US movie (1950). Universal. Pr John Beck. Dir Henry Koster. Screenplay Mary Chase with Oscar Brodney. Based on the play Harvey by Chase. Starring Victoria Horne (Myrtle Mae Simmons), Josephine Hull (Veta Louise Simmons), James Stewart (Elwood P Dowd). 104 mins. B/w.
Rich, eccentric bachelor Elwood has an Invisible Companion – a 6ft 3½ in invisible white rabbit called Harvey. Assuming him crazy, his sister Veta Louise and her daughter Myrtle Mae attempt to have him committed, but in due course it becomes evident that, just as Elwood has been maintaining, Harvey is not an Illusion but a pooka (see Puck). At last, to please Veta Louise, Elwood agrees to submit himself to an injection that will "banish the delusion"; but, when she realizes it will also banish Elwood's kindness and generosity of spirit, she retracts her request and agrees that, if living with Harvey is the price she must pay, pay it she shall.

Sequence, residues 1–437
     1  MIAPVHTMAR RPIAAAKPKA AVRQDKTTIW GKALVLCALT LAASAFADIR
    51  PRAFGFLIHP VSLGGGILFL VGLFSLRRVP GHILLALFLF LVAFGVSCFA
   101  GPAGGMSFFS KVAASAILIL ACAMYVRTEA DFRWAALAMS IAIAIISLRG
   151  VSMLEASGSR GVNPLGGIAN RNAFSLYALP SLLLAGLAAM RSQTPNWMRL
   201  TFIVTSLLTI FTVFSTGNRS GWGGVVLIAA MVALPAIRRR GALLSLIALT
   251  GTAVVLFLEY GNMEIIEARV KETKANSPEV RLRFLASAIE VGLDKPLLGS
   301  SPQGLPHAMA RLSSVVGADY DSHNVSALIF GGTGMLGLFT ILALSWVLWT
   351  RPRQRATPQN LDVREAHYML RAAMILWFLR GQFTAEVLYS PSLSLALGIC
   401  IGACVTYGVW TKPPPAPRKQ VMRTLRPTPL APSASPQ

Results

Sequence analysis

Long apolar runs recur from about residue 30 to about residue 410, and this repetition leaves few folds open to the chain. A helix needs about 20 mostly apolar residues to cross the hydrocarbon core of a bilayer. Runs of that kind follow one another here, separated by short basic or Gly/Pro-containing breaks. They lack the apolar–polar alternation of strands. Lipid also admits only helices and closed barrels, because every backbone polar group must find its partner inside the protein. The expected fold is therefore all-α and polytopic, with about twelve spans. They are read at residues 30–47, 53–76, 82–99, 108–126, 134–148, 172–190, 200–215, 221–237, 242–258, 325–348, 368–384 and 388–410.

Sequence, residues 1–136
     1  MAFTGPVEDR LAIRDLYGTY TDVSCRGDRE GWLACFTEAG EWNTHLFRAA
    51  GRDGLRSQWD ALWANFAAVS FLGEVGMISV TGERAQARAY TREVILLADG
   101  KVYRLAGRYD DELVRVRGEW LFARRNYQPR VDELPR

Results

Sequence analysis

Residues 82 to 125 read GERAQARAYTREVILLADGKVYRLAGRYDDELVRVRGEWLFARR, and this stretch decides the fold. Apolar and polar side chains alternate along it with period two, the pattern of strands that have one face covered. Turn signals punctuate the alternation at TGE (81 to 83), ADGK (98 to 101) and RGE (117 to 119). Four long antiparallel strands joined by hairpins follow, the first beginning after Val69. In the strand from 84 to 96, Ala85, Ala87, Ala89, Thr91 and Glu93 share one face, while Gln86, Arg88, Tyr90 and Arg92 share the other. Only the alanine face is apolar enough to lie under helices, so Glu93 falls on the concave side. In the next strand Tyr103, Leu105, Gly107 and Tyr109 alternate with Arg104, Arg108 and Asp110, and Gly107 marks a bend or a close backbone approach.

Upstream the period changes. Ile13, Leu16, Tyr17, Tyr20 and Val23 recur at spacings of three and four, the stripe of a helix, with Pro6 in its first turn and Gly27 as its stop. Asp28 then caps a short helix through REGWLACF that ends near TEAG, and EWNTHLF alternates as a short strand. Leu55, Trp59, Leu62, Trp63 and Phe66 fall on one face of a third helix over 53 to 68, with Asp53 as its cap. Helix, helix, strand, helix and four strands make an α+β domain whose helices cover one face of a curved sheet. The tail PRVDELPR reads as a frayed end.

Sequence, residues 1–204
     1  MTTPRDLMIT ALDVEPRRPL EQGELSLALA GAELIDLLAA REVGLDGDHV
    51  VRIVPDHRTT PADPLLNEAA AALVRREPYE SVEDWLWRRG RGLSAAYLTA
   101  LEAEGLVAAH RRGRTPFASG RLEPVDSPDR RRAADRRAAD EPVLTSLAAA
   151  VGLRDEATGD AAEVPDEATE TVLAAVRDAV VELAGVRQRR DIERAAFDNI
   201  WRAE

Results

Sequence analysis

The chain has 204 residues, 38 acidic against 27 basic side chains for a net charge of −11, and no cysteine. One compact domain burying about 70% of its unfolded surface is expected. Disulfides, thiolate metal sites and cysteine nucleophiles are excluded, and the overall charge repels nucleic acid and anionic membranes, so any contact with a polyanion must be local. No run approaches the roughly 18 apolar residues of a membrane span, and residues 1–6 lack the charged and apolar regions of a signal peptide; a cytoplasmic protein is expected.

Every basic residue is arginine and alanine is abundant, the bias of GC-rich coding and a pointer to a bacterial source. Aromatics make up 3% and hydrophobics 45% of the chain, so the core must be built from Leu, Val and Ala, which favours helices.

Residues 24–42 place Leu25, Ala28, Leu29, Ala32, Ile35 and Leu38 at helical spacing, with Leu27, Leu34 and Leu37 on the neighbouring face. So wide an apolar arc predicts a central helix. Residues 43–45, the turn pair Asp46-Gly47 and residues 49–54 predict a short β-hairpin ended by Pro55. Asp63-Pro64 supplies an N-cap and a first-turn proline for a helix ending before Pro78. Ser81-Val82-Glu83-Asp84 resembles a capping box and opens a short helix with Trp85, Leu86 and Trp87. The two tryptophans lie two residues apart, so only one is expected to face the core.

Essentially H has two plots, one fantastic and the other a fairly routine comedy of errors. The case for Harvey's being a pooka is well expounded, and we see physical evidence (swinging doors, the altered text of a book, etc., though never the rabbit himself). In one scene Elwood spells out a few of Harvey's abilities, notably that of stopping the clock for a while so that with him one can, as it were, take a break from Reality. There are further interesting asides on the natures of objective and subjective reality: "I've wrestled with reality for 35 years," says Elwood, "and I'm happy, doctor: I finally won out over it." [JG]